By Jon Waterhouse During my Elvis Week 2014 blogging stint, the folks at Elvis Radio asked if I had a song that might encapsulate the event as it wrapped. My choice: “The Fair is Moving On.” Leaving Memphis after Elvis Week 2016, the bittersweet emotions return. Yeah, the fair moves on, but what a ride. I can honestly say, the 39th edition of Elvis Week ranks as one of my favorites, if not my all-time best. Why, you say? Below you’ll find 10 reasons in no particular rank or order. Now, keep in mind I didn’t have a chance to experience everything and see everyone. I always leave Elvis Week wishing I had a little more conversation and a little more action. Yet, out of everything I lived, these remain the memories pressing between the pages of my mind. Betty Harper This ultra-talented artist not only took time to talk with me over the phone the week before the festivities, we hung out together at the Heartbreak Hotel during her exhibit. The cavalcade of colors nearly popped right off of her artwork, encapsulating the image and personality of Elvis Presley in a such a way I believe remains incomparable. And the Nashville resident is a true sweetheart and rocks one heckuva cowboy hat. Elvis Radio We all need a soundtrack to Elvis Week, and thank God for these guys. T.Y., Doc Walker, Argo, Big Jim Sykes and the legendary George Klein deliver the audio goods. It’s an honor to be a correspondent and pop culture editor for these fellas, who take great care in keeping the sound and legacy of Elvis alive and well. The Ultimate Elvis Tribute Artist Competition Regardless of how you may feel about ETAs, the love these men have for Elvis just can’t be denied. Neither can the talent the ETAs display on stage. Many carry on the triple threat Elvis so deftly displayed with the ability to sing, dance and act. Perhaps one of the more obvious embodiments of this would be Dean Z, the 2013 Ultimate ETA winner and the 2016 correspondent for ElvisWeek.com and Graceland.com. What a guy! And hats off to 2016 winner Dwight Icenhower. After participating in eight Ultimates, he snagged this year’s title. Way to go, Dwight! Jeff Lewis and Friends After-Parties at Hard Rock Cafe You have to hand it to former Ultimate ETA competitor Jeff Lewis for...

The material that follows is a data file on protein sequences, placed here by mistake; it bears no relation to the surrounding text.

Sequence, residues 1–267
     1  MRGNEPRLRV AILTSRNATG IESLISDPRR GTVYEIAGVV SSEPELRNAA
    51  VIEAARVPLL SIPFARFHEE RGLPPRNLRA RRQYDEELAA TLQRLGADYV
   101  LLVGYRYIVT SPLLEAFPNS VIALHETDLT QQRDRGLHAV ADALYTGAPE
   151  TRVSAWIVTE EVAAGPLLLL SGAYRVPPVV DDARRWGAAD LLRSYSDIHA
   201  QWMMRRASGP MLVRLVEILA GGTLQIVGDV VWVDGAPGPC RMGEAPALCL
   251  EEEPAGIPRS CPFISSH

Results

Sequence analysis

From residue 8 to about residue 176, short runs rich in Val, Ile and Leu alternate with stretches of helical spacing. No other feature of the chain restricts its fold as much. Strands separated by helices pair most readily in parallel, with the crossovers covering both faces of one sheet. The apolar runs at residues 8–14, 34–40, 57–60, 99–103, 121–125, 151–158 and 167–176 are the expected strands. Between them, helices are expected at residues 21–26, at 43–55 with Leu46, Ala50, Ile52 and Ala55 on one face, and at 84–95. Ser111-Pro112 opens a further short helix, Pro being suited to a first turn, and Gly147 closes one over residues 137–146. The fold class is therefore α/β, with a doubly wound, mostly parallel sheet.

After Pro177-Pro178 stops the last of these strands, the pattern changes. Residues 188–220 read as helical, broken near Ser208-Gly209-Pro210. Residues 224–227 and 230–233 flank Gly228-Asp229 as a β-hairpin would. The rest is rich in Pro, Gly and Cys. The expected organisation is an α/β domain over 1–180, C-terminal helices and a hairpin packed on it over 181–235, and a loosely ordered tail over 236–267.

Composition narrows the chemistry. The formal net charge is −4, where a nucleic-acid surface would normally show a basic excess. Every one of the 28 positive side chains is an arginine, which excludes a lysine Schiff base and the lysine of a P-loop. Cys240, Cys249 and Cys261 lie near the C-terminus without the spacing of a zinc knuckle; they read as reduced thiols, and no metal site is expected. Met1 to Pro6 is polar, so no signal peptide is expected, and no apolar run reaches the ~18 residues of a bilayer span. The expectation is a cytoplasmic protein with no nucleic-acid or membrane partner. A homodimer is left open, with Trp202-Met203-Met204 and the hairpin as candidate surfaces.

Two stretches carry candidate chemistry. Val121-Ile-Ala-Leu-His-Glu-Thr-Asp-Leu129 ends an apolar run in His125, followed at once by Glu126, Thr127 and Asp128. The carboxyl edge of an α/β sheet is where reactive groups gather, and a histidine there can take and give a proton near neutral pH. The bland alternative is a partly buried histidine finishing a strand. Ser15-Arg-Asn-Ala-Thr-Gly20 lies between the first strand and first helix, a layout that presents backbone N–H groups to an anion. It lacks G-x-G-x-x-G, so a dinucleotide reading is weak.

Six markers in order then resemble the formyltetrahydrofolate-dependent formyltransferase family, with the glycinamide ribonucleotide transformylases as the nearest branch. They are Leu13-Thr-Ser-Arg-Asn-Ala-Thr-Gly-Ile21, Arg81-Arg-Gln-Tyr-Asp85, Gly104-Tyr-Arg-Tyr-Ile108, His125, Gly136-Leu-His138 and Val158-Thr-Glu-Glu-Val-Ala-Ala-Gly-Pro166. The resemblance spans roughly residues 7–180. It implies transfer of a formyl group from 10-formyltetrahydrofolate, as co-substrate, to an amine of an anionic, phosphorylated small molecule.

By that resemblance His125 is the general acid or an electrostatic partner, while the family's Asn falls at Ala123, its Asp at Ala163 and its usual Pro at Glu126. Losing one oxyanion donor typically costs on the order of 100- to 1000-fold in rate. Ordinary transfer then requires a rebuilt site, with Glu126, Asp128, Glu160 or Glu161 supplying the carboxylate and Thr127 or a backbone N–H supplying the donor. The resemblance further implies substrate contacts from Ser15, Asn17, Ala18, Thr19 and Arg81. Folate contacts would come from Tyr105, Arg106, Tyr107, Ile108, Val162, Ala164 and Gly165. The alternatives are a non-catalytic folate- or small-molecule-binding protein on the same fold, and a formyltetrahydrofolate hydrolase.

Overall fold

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Elvis Week Day 7 – Inspiring Moments at the 2016 Candlelight Vigil

By Jon Waterhouse It never fails. Even after attending multiple Candlelight Vigils, the annual fan gathering and tribute at Graceland on the eve of the anniversary of Elvis’ death, I become awestruck at the event. This year, collective emotions arguably higher than ever, the amount of love pouring forth like the unrelenting rain inspired me to no end. Fans of every color, creed and geographic origin imaginable came together, a visual answer to Walter Earl Brown’s lyrics found in “If I Can Dream,” which Presley sang on the “’68 Comeback Special.” “If I can dream of a better land/Where all my brothers walk hand in hand/Tell me why, oh why, oh why can’t my dream come true?” Last night, once again, that dream came true. INSPIRING MOMENTS AT THE 2016 CANDLELIGHT VIGIL The fans who came early Several hours before the official 8:30 p.m. start time, fans began camping in front of the Graceland walls along Elvis Presley Boulevard breaking out their folding chairs, coolers and more. Now that’s dedication. A short summer shower turned the Memphis air into a virtual sauna. “It’s a pleasure to see the traditions that have been established carry on, as you would expect from the Elvis fans who have been here year after.” said Walker McCutcheon of Clarksville, Tenn. who sat in Graceland Plaza with wife Judy until start time. Among the die hard fans, I saw Cino Torricer from Hawaii, who handed out inspirational cards to those around him. The memorials Just before the Vigil began, many memorials along Elvis Presley Boulevard could be seen, some glowing in the darkness. A Memphis gentleman simply known as Fite created a memorial with images of Elvis, each with a special significance to him. A giant ticket stub replica from Elvis’ final concert in Indianapolis, Ind. sat in front of a massive version of the “’68 Comeback Special” album cover. The Graceland staff Never mind the weather and other obstacles threatening to damper the evening. The staff at Elvis Presley Enterprises, from security guards and retail clerks to marketing execs, channeled Elvis’ positivity and optimism with style, grace and smiles. The rain sprinkling upon him, Kevin Kern, the director of public relations at Elvis Presley Enterprises, welcomed everyone from the top of the Graceland driveway, his speech broadcast down to a jumbo screen perched above the mansion’s walls. The fans who braved the rain The U.S....